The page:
A new program, funded through a grant from the Small Business Administration, supports the development of proposals for Small Business Innovation Research (SBIR) and Small Business Technology Transfer (STTR) grants.
Developed through the office of Enterprise & Innovation with its partner, Apio Innovation Transfer, the Sierra Accelerator for Growth and Entrepreneurship (SAGE) will provide training, mentoring and proposal-development support worth $3,500-5,000 to qualified, selected applicants.
“The goal is to increase the number of SBIR/STTR proposals and awards in Nevada,” said Ellen Purpus, assistant vice president for enterprise and innovation in the University’s Research & Innovation division. “We are here to offer training and support.”
The program is open to University faculty, staff, students and the community, and outreach to underserved populations is desired. Applicants who may not be ready and are not selected for the first round of SAGE awards will receive feedback and be encouraged to re-submit.
Open, hour-long information sessions will be held the week of Oct. 21, 2019:
- Monday, Oct. 21, 2:30 p.m., University of Nevada, Reno Innevation Center—Powered By Switch, Concept Café, 450 Sinclair St.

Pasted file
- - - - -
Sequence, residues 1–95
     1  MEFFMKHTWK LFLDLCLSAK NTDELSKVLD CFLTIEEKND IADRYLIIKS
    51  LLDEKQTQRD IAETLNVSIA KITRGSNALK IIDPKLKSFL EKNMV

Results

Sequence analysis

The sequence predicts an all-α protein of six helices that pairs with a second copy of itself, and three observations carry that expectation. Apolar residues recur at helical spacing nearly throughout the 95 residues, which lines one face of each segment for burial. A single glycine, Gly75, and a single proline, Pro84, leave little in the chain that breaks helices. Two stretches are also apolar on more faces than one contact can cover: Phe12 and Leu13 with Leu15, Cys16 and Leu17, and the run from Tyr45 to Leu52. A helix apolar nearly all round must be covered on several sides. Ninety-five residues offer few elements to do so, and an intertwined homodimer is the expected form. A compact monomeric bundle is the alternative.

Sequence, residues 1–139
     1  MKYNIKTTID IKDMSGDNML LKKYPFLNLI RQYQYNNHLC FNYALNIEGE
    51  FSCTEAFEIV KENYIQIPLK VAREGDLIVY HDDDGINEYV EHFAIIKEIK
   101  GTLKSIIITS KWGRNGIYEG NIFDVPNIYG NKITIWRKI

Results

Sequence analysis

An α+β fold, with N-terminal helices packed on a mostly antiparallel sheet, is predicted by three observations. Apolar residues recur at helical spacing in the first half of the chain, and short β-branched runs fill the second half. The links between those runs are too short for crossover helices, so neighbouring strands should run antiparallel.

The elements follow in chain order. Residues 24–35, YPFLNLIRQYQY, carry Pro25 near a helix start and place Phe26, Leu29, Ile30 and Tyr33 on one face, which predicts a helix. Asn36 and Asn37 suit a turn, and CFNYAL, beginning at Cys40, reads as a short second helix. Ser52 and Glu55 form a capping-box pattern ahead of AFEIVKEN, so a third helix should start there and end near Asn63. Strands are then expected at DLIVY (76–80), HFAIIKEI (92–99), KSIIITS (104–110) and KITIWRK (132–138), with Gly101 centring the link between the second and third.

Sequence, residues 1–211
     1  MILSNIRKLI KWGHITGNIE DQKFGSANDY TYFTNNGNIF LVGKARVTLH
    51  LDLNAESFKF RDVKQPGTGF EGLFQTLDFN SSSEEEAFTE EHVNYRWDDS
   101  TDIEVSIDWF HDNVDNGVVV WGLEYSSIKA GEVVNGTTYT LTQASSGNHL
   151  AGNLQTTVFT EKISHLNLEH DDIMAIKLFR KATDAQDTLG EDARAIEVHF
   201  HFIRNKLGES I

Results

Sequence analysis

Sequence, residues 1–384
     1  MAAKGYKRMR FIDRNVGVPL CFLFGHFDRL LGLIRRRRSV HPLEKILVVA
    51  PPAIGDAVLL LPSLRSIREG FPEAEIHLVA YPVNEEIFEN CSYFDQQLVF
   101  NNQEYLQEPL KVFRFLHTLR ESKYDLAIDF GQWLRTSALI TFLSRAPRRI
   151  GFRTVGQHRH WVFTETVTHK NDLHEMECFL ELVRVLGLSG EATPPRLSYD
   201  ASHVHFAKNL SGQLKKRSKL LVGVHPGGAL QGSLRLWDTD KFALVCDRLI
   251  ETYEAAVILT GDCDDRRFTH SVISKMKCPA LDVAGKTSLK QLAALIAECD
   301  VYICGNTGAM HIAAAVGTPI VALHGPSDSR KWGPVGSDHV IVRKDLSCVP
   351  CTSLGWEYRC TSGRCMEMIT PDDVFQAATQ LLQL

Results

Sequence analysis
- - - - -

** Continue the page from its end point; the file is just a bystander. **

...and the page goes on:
- Tuesday, Oct. 22, 1:30 p.m., Harry Reid Engineering Laboratory, room 109/110
- Thursday Oct. 24, 2 p.m., Pennington Medical Education Building, room 16
Purpus notes faculty are quite experienced and accomplished in the development of grants that pertain to their area of research and scholarly interest, such as science, engineering, arts or humanities. However, SBIR/STTR processes call for business proposals which might be new territory for many.
“We are creating an infrastructure whereby we can help these folks understand how to craft these business- or market-oriented grants, and write them in such a way that they’ll be funded,” she said.
“We are planting seeds to support business development,” Purpus said. “Nevada is growing and diversifying its economy, and supporting smaller tech companies can go a long way toward this goal. Early-stage companies are often at a stage that they are not able to obtain investors. SBIR/STTR grants can give early-stage companies a leg up.”
For more information contact Purpus at firstname.lastname@example.org.